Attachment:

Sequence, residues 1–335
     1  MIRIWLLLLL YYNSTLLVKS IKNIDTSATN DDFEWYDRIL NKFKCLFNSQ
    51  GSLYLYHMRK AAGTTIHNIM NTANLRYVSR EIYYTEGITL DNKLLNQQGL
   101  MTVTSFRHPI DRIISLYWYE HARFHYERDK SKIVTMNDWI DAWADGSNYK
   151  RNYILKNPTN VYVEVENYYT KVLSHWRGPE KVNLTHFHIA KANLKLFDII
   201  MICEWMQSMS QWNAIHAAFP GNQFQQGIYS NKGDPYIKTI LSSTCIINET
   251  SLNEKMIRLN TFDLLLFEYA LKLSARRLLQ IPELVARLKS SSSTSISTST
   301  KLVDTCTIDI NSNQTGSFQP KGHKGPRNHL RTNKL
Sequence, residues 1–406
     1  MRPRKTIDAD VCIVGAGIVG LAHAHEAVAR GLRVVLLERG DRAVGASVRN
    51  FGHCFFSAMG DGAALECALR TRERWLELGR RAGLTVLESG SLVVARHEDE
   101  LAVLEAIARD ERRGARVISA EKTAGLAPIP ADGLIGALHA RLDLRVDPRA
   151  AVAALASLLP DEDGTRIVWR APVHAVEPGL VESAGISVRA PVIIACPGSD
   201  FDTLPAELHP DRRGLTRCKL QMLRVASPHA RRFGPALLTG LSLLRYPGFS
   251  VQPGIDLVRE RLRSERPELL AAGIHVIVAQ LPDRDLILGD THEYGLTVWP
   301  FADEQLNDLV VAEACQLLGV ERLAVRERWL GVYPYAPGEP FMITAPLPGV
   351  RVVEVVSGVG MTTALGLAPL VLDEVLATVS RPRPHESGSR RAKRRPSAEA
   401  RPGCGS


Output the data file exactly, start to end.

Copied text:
Sequence, residues 1–335
     1  MIRIWLLLLL YYNSTLLVKS IKNIDTSATN DDFEWYDRIL NKFKCLFNSQ
    51  GSLYLYHMRK AAGTTIHNIM NTANLRYVSR EIYYTEGITL DNKLLNQQGL
   101  MTVTSFRHPI DRIISLYWYE HARFHYERDK SKIVTMNDWI DAWADGSNYK
   151  RNYILKNPTN VYVEVENYYT KVLSHWRGPE KVNLTHFHIA KANLKLFDII
   201  MICEWMQSMS QWNAIHAAFP GNQFQQGIYS NKGDPYIKTI LSSTCIINET
   251  SLNEKMIRLN TFDLLLFEYA LKLSARRLLQ IPELVARLKS SSSTSISTST
   301  KLVDTCTIDI NSNQTGSFQP KGHKGPRNHL RTNKL
Sequence, residues 1–406
     1  MRPRKTIDAD VCIVGAGIVG LAHAHEAVAR GLRVVLLERG DRAVGASVRN
    51  FGHCFFSAMG DGAALECALR TRERWLELGR RAGLTVLESG SLVVARHEDE
   101  LAVLEAIARD ERRGARVISA EKTAGLAPIP ADGLIGALHA RLDLRVDPRA
   151  AVAALASLLP DEDGTRIVWR APVHAVEPGL VESAGISVRA PVIIACPGSD
   201  FDTLPAELHP DRRGLTRCKL QMLRVASPHA RRFGPALLTG LSLLRYPGFS
   251  VQPGIDLVRE RLRSERPELL AAGIHVIVAQ LPDRDLILGD THEYGLTVWP
   301  FADEQLNDLV VAEACQLLGV ERLAVRERWL GVYPYAPGEP FMITAPLPGV
   351  RVVEVVSGVG MTTALGLAPL VLDEVLATVS RPRPHESGSR RAKRRPSAEA
   401  RPGCGS